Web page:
Indonesia’s prime apologist, IMF head, Michel Camdessus upon hearing Suharto’s latest insanity, picked up the phone and told him all bets were off if he went ahead with his latest concoction. IMF money was not going to be used to bail out the greed sycophants that surrounded the head of Indonesia. "The failure of a currency board would completely undermine credibility and policymaking, and seriously damage the country’s growth prospects," He added that "In the present circumstances ... if a currency board proposal were adopted, we would not be able to recommend to the IMF Board the continuation of the current program because of the risks to the Indonesian economy. This would be a very unfortunate development, as it would shrink even further the reserve basis for the currency board and further undermine its very slim chance of success." Camdessus was also painfully aware that if Suharto slipped this superficially innocent move through undetected, the IMF had probably breathed it last. Even Madeleine Albright attempted to be remembered by posterity with the statement; "The risks are real. Further tremors are possible." Well! That seems to say it all.

Suharto’s renewed intransigence with the IMF caused the limited revival of the Rupiah to again collapse abetted by the riots in the cities, including the torching of ten churches by angry mobs and the fires on the islands of Borneo and Sumatra. East Java Police gave as sign of things to come when the warned the rioters that they ran the risk of being shot on sight Inter-city transportation has literally come to a halt as bus drivers feared for their own safety entering riot torn areas. Additionally, with no spare bus parts available, they we doubly concerned that once they had gotten into an area where there was turmoil, they couldn’t leave.

Indonesia committed a medium sized "no no" when they began subsidizing wheat , flour, sugar and soybeans, contrary to their IMF agreement, by giving a favorable conversion rates to importers. This was just another in a long series of violations by the Indonesian Government and caused Finance Minster Mar’ie Muhammad to confidently predict that the IMF would disburse the next traunche of $3 billion on schedule. In an attempt of to "shake down" the IMF, he indicated that any delay would affect investor confidence in Indonesia and "have a negative impact on efforts to strengthen and to stabilize currencies in Southeast Asia."

Bad mistake Minister Muhammad, the IMF determined to delay their next payment for a least a month to see if things straighten out and the a Congressional Committee in the United States approved a bill the would stop any American payments until Suharto straightened out his act. And anyway, Suharto indicted that after all of the monkeying around, that complying with the IMF’s terms would be violation of country’s constitution, which he indicates is based on "family values". We are certainly aware of Suharto’s feelings about family but if everyone in Indonesia was as generous with the country’s assets as Suharto has been, we would certainly have no need for IMF assistance. Suharto is setting the stage for a showdown with the IMF in which he believes he can win even with intransigence because he does not think that the other countries of the world can afford to have Indonesia in a state of turmoil and revolution. This is certainly high stakes poker when you realize that the president has pushed the envelope to the degree where he could wind up paying for his bet with his life.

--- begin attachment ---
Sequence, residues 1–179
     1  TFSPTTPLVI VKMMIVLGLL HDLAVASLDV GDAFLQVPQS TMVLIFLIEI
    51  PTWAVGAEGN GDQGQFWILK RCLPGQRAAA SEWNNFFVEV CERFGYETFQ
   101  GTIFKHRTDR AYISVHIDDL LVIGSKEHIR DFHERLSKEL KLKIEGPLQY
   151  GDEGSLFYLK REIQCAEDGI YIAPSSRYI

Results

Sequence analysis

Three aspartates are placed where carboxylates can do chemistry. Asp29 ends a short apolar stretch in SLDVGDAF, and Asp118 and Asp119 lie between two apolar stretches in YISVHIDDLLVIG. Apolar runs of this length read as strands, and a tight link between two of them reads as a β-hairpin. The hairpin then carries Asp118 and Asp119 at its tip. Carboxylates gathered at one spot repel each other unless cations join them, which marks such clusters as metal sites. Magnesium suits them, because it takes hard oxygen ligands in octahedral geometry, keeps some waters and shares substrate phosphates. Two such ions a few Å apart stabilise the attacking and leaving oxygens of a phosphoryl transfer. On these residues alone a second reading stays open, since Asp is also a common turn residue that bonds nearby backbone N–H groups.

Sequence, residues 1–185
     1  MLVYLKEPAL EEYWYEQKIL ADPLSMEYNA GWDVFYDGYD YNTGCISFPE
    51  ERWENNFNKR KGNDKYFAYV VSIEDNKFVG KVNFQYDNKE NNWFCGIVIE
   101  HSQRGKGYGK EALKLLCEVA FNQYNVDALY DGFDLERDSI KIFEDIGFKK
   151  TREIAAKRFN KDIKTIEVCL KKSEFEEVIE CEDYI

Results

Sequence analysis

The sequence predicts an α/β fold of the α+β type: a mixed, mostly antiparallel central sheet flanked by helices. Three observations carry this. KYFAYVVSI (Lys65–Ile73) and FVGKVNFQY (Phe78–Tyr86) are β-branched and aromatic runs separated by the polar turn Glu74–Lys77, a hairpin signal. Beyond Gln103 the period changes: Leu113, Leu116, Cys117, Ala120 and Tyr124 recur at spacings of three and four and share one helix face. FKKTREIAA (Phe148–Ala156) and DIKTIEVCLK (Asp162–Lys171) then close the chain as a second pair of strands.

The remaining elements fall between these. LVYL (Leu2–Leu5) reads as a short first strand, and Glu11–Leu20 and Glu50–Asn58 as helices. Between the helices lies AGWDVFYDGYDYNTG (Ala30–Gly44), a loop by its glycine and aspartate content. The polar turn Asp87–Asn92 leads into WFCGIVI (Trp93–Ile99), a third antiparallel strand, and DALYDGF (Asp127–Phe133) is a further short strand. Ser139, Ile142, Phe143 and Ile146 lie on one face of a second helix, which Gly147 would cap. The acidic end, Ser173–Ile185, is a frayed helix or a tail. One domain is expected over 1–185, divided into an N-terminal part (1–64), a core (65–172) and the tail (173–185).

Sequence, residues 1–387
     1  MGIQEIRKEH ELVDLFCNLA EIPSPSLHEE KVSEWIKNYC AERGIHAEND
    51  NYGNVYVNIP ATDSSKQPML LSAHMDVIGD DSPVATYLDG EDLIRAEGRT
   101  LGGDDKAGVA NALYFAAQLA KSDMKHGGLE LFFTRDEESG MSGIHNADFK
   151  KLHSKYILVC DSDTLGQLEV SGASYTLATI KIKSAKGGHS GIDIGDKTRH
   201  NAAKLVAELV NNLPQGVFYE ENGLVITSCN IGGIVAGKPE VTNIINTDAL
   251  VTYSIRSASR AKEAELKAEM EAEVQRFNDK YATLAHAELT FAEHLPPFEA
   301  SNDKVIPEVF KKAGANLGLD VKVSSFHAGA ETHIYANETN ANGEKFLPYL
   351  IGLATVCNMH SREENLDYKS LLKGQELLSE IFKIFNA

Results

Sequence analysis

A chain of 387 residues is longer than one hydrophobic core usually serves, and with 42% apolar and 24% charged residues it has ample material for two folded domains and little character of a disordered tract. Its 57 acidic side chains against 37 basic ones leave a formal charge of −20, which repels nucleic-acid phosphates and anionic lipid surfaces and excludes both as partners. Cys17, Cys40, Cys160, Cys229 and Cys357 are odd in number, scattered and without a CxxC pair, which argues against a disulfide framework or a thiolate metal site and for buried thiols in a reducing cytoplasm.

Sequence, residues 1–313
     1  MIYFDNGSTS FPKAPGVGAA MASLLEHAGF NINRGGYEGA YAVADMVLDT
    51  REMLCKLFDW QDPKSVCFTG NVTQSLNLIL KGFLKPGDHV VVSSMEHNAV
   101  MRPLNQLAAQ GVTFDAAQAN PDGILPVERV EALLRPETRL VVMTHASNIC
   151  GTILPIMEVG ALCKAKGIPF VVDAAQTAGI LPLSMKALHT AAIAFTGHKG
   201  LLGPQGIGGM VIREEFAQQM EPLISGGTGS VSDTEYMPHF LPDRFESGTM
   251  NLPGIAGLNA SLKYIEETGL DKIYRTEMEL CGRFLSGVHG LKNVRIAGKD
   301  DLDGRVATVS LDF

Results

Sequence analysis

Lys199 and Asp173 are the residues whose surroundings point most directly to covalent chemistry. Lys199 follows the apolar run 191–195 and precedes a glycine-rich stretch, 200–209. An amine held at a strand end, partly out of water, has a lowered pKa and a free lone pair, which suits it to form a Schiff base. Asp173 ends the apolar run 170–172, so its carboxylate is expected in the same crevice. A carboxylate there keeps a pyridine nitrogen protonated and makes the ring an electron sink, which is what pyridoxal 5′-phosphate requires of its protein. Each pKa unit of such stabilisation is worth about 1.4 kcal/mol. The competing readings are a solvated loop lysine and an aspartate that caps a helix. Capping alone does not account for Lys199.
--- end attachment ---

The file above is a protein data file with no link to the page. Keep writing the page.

In recent clashes with police, five people have already died in riots over skyrocketing prices of basic commodities or their total unavailability. In a recent speech to the governors of all of the 27 provinces, Yogie Memet, Interior Minister stated, "The dramatic rise in the price of the nine basic commodities (20) needed by the community and the disappearance of these from the markets has become a very sensitive problem this can shake the people’s economy". He went on to say that; "The people who feel most disturbed and bothered are the governors who I have just met." Now we have people’s shops being torched, no food for the children, a currency that won’t buy anything, fires raging of control giving off a haze that has sickened a good part of the population and churches being razed and this moron thinks that the governors who are living in their palaces getting three squares a day and are totally insulated from what is going on are doing more worrying that the populace. Welcome to Indonesia.

In one of the really bizarre occurrences yet, in this Alice in Wonderland country, the Indonesian Armed Forces (ABRI) seems to be going ahead with a law suit against Indonesian newspapers and television because they had inferred that many of the people that were conveniently vanishing during recent campus food and anti-government riots had vanished courtesy of the military. The disappearances seemed to have started when an older student leader by the name of Lustrilanang escaped to the Netherlands after he had announced that the military had "abducted, tortured and threatened him with death if he spoke out." (21) In this dictatorship, it is at least refreshing that the army considers the act of filing law suits instead of making even more people vanish. On the hand, if they had to vanish the enter media industry, the people may suspect something in time.